- IMAGE was launched on March 25, 2000. It successfully completed its two-year primary mission and continued providing data into December 2005, when it stopped responding to commands from ground controllers. Analysis indicated the craft's power supply subsystems failed, rendering it lifeless.14) 15)



Sensor complement: (LENA, MENA,HENA, EUV, FUV, WIC, SI, GEO, RPI)


Major component


Team Lead

LENA (Low Energy Neutral Atom Imager)


NASA/GSFC, Greenbelt, MD

T. E. Moore

MENA (Medium Energy Neutral Atom Imager)


SwRI (Southwest Research Institute), San Antonio, TX

C. Pollock

HENA (High Energy Neutral Atom Imager)


JHU/APL, Laurel, MD

D. Mitchell

EUV (Extreme Ultraviolet Imager)


University of Arizona

W. Sandel

FUV (Far Ultraviolet Imager)

Wideband Imaging Camera

UCB (University of California at Berkeley), MSFC

S. Mende

FUV-SI (Far Ultraviolet Imager)

Spectrographic Imager

UCB, CSL Liege, Belgium

S. Mende

RPI (Radio Plasma Imager)

Antenna Deployers

Able Engineering Corp.

G. Heinemann

RPI (Radio Plasma Imager)

Antenna Couplers

University of Paris, Meudon Observatory

R. Manning

Radio Plasma Imager


University of Mass. Lowell

B. Reinisch

Central Instrument Data Processor (CIDP)



M. Epperly

CIDP Flight Software



R. Killough

HCU (Heater Control Unit)



M. Epperly

Payload Wiring Harness



P. Jensen

Payload Purge System



W. Perry

Table 2: Overview of instrument developers

The IMAGE S/C carries three ENA (Energetic Neutral Atom) imagers whose combined energy coverage permits the detection of ENAs with energies ranging from 1 eV to 500 keV per atomic mass unit (amu). Each neutral atom instrument generates images showing the intensity and spatial distribution of ENA emissions produced in the inner magnetosphere through charge-exchange reactions between geocoronal neutral hydrogen and various magnetospheric ion populations. Neutral atom imaging of the ionosphere and magnetosphere is possible because the Earth's geocorona acts like an imaging screen for magnetospheric and ionospheric ions. The interpretation and quantification of observed ENA signals depend upon the knowledge of the energy dependence and magnitude of the appropriate charge-exchange cross sections. 16)


Figure 5: Schematic view of the instrument layout in the spacecraft spin axis direction (image credit: SwRI)


LENA (Low-Energy Neutral-Atom Imager):

PI: T. E. Moore of GSFC (collaboration of GSFC, University of Maryland, University of New Hampshire, University of Denver, University of Bern, Lockheed Martin Co.). The objective is to detect ENAs in the energy range from 10-500 eV. LENA's primary role is to image the outflow of low-energy ions from the polar ionosphere. The specific objectives are to: 17) 18)

• Measure neutrals without interference from electrons, ions, or UV

• Distinguish neutral protons from oxygen

• Determine ion outflow on five minute time scales over broad range of local times

• Measure energies as low as 10 eV with high counting statistics

The LENA instrument consists of a collimator, a conversion unit, an extraction lens, a dispersive energy analyzer, and time-of-flight mass analyzer with position-sensitive particle detection. LENA is specifically designed of looking at and in the direction of the sun. Principle of operation: Neutral particles enter the instrument through a collimator which filters charged particles. LENA converts neutrals to negative ions through a near specular glancing reflection from a tungsten surface. Negative ions from the surface are then collected by the extraction lens which focuses all negative ions with the same energy to a fixed location. In the extraction lens, the ions are accelerated by 20 kV prior to entering the electrostatic analyzer (they are detected as they pass through a thin foil and strike an image plane detector). Finally, the ions pass into a time-of-flight/position sensing section where ion mass, energy, and angle are determined.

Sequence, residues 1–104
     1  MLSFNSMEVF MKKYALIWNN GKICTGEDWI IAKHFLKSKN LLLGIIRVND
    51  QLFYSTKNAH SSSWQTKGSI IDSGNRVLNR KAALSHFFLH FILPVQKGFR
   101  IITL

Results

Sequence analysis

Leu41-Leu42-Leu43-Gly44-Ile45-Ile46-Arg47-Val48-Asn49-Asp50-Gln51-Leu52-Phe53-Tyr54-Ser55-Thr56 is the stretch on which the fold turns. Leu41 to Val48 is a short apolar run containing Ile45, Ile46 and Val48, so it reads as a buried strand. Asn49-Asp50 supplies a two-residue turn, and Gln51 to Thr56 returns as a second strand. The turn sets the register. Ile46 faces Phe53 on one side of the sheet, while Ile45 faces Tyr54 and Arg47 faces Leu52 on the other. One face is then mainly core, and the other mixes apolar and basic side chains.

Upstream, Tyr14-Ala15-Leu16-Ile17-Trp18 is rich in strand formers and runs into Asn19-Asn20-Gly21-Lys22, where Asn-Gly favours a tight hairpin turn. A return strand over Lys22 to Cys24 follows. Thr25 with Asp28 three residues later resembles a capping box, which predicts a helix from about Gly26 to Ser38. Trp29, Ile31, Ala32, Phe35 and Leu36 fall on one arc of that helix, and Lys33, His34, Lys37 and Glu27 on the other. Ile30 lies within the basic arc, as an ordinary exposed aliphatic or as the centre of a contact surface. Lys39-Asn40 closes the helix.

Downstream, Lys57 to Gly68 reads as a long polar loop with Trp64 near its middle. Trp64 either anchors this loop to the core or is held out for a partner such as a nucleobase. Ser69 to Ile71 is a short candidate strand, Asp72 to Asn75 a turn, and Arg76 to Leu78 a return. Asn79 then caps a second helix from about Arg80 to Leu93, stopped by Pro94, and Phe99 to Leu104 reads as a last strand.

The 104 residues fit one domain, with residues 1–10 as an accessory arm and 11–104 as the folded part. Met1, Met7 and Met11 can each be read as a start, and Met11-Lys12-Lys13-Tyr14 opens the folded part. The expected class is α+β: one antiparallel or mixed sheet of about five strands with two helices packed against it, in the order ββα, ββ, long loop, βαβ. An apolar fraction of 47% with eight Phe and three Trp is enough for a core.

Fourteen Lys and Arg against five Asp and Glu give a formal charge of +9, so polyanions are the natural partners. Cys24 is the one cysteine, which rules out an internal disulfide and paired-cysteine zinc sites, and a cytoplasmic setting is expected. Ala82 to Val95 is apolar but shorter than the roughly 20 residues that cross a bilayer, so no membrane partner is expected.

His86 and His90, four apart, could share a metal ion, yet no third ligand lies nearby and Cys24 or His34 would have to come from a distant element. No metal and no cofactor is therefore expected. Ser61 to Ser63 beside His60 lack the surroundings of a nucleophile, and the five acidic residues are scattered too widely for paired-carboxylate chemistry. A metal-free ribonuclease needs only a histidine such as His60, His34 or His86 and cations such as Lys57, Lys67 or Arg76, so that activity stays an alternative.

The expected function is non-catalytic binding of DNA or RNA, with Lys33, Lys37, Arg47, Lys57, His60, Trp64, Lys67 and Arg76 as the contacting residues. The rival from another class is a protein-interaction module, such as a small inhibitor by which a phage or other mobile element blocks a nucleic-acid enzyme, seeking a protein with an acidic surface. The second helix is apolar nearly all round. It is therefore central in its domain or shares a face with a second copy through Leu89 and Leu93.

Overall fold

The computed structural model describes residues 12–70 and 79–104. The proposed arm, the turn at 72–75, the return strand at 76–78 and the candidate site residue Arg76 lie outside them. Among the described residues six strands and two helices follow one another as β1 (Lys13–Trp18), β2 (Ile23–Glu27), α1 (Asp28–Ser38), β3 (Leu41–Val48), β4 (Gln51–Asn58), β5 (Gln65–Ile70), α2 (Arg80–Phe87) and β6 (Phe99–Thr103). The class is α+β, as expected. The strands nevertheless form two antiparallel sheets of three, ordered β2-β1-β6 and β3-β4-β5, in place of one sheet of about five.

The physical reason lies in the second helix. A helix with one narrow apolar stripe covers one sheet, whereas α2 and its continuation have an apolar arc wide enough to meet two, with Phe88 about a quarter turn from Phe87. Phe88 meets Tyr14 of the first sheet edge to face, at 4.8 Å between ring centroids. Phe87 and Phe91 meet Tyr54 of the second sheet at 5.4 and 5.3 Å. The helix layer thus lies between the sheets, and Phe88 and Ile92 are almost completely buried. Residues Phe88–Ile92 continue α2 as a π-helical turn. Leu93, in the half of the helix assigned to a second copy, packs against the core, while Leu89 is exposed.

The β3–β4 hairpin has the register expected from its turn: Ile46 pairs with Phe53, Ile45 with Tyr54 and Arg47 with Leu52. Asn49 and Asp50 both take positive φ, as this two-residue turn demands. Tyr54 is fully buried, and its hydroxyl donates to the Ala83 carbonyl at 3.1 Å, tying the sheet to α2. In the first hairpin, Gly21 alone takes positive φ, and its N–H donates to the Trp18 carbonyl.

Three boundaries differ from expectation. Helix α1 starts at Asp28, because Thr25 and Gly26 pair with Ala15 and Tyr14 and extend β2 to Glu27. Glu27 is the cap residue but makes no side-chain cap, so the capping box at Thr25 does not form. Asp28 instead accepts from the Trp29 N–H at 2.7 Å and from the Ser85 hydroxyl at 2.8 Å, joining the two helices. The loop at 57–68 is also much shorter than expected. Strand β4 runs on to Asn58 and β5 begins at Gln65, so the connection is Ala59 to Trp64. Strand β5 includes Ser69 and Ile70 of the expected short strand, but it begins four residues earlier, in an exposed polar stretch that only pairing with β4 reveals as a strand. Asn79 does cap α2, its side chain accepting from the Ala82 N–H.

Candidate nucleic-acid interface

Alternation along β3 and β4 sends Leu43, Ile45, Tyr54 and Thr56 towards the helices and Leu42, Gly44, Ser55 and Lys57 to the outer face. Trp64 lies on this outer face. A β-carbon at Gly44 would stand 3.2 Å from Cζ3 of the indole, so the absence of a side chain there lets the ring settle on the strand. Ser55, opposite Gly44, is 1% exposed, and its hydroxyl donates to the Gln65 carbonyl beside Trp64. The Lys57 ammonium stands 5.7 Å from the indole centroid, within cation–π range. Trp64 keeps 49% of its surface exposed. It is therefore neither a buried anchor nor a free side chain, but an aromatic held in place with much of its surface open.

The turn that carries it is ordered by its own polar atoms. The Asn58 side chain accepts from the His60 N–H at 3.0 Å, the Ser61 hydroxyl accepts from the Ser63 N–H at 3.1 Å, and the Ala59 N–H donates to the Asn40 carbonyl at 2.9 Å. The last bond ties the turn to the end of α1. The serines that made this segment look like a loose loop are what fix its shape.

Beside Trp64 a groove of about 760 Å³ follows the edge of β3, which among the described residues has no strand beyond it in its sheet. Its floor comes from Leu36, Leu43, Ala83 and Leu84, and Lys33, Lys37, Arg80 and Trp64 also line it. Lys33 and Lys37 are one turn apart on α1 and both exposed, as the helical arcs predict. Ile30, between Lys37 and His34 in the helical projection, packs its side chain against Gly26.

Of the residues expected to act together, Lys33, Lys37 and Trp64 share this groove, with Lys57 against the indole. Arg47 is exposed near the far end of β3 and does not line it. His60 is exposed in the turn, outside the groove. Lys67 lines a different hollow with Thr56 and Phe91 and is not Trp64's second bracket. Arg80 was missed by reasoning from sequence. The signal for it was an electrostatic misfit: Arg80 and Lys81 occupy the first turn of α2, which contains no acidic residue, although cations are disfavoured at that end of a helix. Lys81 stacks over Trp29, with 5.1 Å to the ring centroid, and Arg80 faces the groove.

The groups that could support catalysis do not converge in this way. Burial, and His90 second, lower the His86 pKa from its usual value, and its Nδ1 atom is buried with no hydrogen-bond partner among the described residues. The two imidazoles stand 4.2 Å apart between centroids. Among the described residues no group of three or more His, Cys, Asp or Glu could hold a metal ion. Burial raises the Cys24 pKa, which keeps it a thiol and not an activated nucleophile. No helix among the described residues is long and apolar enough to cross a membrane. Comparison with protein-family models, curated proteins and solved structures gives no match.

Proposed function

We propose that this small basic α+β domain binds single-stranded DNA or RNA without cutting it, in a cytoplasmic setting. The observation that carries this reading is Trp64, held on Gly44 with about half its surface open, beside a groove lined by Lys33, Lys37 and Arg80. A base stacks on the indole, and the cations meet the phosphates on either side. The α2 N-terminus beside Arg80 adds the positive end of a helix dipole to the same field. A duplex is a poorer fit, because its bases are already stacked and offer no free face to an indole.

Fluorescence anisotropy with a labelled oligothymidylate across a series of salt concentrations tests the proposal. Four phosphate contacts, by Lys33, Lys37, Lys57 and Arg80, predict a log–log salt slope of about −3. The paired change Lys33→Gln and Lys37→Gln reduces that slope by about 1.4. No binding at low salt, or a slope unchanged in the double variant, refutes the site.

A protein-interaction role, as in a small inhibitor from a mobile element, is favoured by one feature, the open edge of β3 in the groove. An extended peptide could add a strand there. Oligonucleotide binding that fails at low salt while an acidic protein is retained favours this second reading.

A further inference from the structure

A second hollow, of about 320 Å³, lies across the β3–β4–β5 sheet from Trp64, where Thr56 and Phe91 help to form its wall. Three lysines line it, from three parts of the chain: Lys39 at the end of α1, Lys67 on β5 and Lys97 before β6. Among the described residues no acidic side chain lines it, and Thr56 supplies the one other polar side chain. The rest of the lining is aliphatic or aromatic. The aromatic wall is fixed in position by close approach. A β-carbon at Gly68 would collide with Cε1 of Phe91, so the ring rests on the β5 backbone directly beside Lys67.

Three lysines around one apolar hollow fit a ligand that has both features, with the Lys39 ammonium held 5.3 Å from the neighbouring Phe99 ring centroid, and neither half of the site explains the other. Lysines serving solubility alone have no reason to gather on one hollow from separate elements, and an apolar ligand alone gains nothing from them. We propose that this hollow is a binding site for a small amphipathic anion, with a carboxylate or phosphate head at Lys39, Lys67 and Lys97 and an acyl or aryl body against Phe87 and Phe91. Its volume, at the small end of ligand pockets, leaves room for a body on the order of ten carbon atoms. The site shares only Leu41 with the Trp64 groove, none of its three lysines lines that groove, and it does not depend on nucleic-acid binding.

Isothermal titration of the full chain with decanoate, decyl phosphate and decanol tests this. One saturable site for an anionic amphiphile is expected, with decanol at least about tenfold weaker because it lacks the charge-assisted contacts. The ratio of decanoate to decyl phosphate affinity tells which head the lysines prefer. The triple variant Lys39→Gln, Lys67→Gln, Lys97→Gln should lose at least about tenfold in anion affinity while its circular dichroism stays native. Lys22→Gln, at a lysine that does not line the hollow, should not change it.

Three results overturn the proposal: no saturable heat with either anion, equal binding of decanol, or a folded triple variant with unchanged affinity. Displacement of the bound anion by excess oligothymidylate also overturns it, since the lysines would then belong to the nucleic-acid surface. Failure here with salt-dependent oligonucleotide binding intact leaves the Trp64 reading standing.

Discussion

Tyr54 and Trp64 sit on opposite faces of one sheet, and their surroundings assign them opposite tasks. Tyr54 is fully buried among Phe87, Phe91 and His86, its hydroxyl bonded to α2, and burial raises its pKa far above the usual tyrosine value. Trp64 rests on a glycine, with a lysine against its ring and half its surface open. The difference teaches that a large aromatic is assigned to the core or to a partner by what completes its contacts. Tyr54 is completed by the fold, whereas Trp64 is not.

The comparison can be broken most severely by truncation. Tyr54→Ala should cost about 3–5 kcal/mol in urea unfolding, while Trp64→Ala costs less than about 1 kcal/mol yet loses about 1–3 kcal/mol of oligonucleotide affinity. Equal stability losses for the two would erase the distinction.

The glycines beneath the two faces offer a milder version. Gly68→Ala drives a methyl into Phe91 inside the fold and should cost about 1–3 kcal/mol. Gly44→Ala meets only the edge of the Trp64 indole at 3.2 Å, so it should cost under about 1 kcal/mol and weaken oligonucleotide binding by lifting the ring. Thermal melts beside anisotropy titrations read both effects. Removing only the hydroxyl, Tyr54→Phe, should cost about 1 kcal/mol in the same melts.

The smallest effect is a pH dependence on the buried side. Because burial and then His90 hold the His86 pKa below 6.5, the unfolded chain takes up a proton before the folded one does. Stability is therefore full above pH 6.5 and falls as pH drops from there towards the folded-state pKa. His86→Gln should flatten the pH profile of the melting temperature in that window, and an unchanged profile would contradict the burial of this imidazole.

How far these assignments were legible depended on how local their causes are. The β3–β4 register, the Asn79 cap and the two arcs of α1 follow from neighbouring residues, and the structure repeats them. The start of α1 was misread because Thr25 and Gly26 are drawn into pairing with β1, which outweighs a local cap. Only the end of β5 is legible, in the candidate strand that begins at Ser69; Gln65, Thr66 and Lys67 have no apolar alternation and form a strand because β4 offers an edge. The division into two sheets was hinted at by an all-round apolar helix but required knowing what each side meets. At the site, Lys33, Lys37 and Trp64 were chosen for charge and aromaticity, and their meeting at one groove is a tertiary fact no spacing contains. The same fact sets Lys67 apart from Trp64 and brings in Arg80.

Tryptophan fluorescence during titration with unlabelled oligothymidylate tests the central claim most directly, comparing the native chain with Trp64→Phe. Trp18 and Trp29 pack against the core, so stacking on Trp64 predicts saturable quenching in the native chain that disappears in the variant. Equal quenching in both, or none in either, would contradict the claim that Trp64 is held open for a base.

LENA uses electrostatic optics techniques for energy (per charge) discrimination and carbon foil time-of-flight techniques for mass discrimination. The instrument has a 90º x 8º FOV in 12 pixels, each nominally 8º x 8º. The S/C spin provides a TFOV of 90º x 360º, comprised of 12 x 45 pixels.

Energy range (incident neutral atom)

15-1250 eV

Energy resolution

E/ΔE - 1 at FWHM

Mass range

1-20 amu (H+ and O+)

Mass resolution

M/ΔM = 4 at FWHM

Angular coverage

Sampling: 8º x 8º x 12 sectors per spin: 360º x 90º in 45 x 12 samples

Angular resolution/response

8º x 8º = 12 steradians (sr)

TFOV (Total Field of View)

2.8 π sr

Pixels per image

3.2 k = 3 energy x 45 Az x 12 polar x 2 mass

Pixel physical aperture

1.0 cm2 (Aeff <1 x 10-3 cm-2)

Pixel solid angle

0.02 sr per pixel x 12 pixels

Time resolution 1D polar x energy
Time resolution 2D (Az x polar) x energy
Time resolution 3D (Az x polar x energy)

2.7 s
120 s
1 spin period (120 s)

Dynamic range


Instrument mass, power, data rate

20.75 kg, 13.1 W (orbit averaged), 0.5 kbit/s

Table 3: Overview of LENA instrument parameters


Figure 6: Exterior assembly view of the LENA sensor and its Control and Data Handling System (image credit: NASA)


Figure 7: Functional block diagram of LENA (image credit: NASA)


Figure 8: The LENA instrument (image credit: NASA/GSFC)


MENA (Medium-Energy Neutral-Atom Imager):

PI: C. J. Pollock of Southwest Research Institute (collaboration of SwRI, LANL, RAL, USC, UCB, University of West Virginia). Objective: Detection of ENAs in the energy range 1-30 keV. Provision of images of the ring current, near-Earth plasma sheet, and the nightside injection boundary. In addition, MENA images the ion populations of the cusp. The instrument determines the time of flight and incidence angle of the incoming ENAs; from these raw data it calculates their trajectory and velocity and generates images of the magnetospheric regions from which they are emitted.